The twin crashes imbued Conley with a visceral sense of how hardy simple organisms can be. Life seems fragile to people, because people can live only in a very small range of conditions. No air, food, or water: We die. Too hot or too cold: We die. If our vehicle explodes at 227,000 feet—or just runs into another car on the road—we die. Keeping a small number of humans alive on a voyage into space is a fantastically complicated, expensive problem. Complex life is delicate and rare. But most life is simple, abundant, and incredibly strong.
Setting out to kill all the bugs that would tag along on a space mission is, it turns out, a pretty elaborate and costly proposition in itself. But that became Conley’s job in 2006, when she signed on as America’s planetary protector in chief. Day to day, her work involves calculating the odds that any given piece of equipment might encounter alien life (very low on a waterless body like our own moon; higher for spacecraft nearing Europa) and dialing in a regimen of cooking, sterilizing, and scouring in order to eradicate invasive Earth bugs accordingly. Every time scientists make new discoveries about Martian conditions, or even about the tolerances of extremophiles here on Earth, it alters the skein of probabilities that guide Conley’s planetary protection protocols.
Because it’s impossible to eliminate all of the microbes from a Mars rover, even the most stringent decontamination protocols are defined in ratios and probabilities. The most Conley can do is make sure there are no more than 0.03 microbes per square meter of spacecraft surface area. That was the standard applied to the Viking mission in 1976. The job requires a research scientist’s openness to strange possibility and a Vegas oddsmaker’s statistical discipline.
To find out what it looks like to eradicate all those bugs, I take a trip to the Goddard Space Flight Center and find myself dressed from head to toe in a bunny suit inside a gleaming white clean room. To even enter the room I wrestle with a series of hoods, boots, gloves, and garments using an intricate choreography designed to prevent any contact with unclean surfaces.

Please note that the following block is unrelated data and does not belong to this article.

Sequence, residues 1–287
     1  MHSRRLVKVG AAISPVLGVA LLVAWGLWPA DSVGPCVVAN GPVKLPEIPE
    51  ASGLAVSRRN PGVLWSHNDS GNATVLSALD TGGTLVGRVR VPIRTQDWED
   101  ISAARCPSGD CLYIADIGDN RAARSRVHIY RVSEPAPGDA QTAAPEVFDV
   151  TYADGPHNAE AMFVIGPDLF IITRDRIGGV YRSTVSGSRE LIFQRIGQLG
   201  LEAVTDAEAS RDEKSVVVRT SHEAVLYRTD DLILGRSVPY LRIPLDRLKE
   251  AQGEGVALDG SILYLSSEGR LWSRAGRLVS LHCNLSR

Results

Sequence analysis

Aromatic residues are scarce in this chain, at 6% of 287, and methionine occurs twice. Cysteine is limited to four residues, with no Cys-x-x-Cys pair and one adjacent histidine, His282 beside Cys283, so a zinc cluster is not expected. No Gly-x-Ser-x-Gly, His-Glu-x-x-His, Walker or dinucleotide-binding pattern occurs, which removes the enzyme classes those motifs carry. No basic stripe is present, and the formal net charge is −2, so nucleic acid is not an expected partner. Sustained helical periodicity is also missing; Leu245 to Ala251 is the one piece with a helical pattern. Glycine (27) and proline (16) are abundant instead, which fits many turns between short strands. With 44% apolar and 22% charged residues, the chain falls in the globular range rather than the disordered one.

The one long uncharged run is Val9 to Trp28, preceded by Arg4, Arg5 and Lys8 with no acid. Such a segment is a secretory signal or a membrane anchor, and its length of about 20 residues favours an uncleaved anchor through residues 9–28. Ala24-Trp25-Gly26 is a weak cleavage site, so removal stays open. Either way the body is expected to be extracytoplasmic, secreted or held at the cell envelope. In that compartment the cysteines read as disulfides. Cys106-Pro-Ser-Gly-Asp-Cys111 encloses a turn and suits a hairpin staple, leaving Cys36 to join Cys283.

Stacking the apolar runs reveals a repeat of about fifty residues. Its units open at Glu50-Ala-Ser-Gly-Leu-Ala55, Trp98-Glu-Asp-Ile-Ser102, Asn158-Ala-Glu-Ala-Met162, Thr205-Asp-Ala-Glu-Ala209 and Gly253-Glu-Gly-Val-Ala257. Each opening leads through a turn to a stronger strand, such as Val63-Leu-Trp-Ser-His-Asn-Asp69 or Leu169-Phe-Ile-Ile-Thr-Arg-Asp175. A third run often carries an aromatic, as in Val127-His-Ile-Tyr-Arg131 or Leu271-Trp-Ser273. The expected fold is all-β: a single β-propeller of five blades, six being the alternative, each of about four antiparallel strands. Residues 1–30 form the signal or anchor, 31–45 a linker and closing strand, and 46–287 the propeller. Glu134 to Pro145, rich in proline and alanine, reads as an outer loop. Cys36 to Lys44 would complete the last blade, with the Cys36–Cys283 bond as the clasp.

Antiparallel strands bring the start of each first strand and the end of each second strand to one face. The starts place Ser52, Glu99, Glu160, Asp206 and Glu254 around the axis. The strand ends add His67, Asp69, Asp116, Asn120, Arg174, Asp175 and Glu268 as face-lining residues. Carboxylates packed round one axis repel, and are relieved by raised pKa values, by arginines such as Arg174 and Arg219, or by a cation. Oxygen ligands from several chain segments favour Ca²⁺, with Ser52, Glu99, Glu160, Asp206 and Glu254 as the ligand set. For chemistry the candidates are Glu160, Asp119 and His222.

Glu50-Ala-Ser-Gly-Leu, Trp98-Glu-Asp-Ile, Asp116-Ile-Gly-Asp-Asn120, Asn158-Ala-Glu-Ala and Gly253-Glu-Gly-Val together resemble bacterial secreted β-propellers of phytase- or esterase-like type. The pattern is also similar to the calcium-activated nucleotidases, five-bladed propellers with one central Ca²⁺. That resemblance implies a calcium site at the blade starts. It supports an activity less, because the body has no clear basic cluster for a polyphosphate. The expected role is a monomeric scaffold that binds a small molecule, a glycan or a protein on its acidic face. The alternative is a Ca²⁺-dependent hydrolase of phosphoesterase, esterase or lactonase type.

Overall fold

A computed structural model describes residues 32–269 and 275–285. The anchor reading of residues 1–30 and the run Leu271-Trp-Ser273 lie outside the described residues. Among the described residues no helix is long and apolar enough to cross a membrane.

Inside, a guy sits for hours a day in his own bunny suit, hand-assembling a mass spectrometer that will be sent to the Red Planet on the European Space Agency’s ExoMars rover in 2020. A special hood constantly blows air and particles away from his work surface. Above it, mounted in the ceiling, is a device that emits microbe-killing ultraviolet-C light. Every day, a technician cleans the room with an alternating protocol of isopropyl alcohol and diluted hydrogen peroxide (to outflank microbes that grow resistant to one or the other), and then NASA microbiologist Erin Lalime swabs for microbial cultures and tests for levels of contamination. Once the mass spectrometer is assembled, it will get cooked for 60 hours at 110 degrees Celsius. And then, of course, it gets cast into space. But some microbes will still make it through.
To help me contemplate how this is even possible, Lalime describes how the strands of DNA inside a bacterial spore exposed to extreme conditions will huddle together into a small ball surrounded by a thick shell of protein. At that point, the spore is almost completely devoid of energy and water: “metabolically, almost dead,” she says. Dormant spores have been revived after thousands of years in airless isolation. To them, the “harsh vacuum of space”—Conley likes to put this phrase in air quotes—is a Sunday stroll.
Conley’s job is, by nature, a pretty lonely one. She’s a microbiologist in an agency dominated by physicists and engineers, a woman in a field dominated by men, and a sheriff (someone even gave her a joke badge) who stands a head shorter than many of her colleagues. Her work has made her an unpopular figure at times. To many engineers, geologists, and Mars enthusiasts, the whole project of planetary protection simply represents an expensive set of precautions taken in the name of extremely low-probability events. (To hear some critics talk, you’d think that Conley is to NASA what the unctuous EPA agent Walter Peck was to the Ghostbusters.)
But Conley is undeterred. History, she says, is littered with stories of human carelessness and environmental devastation, born not from malice but from cognitive limitation, a failure to contend with the murkiness of unknown unknowns. “We didn’t think we were going to make parts of Central America uninhabitable for hundreds of years by bringing malaria from Europe. We didn’t thinkwe were going to cover the southern United States in kudzu. I never thought about whether nematodes could survive a shuttle crash. Then,” Conley says, “it crashed.”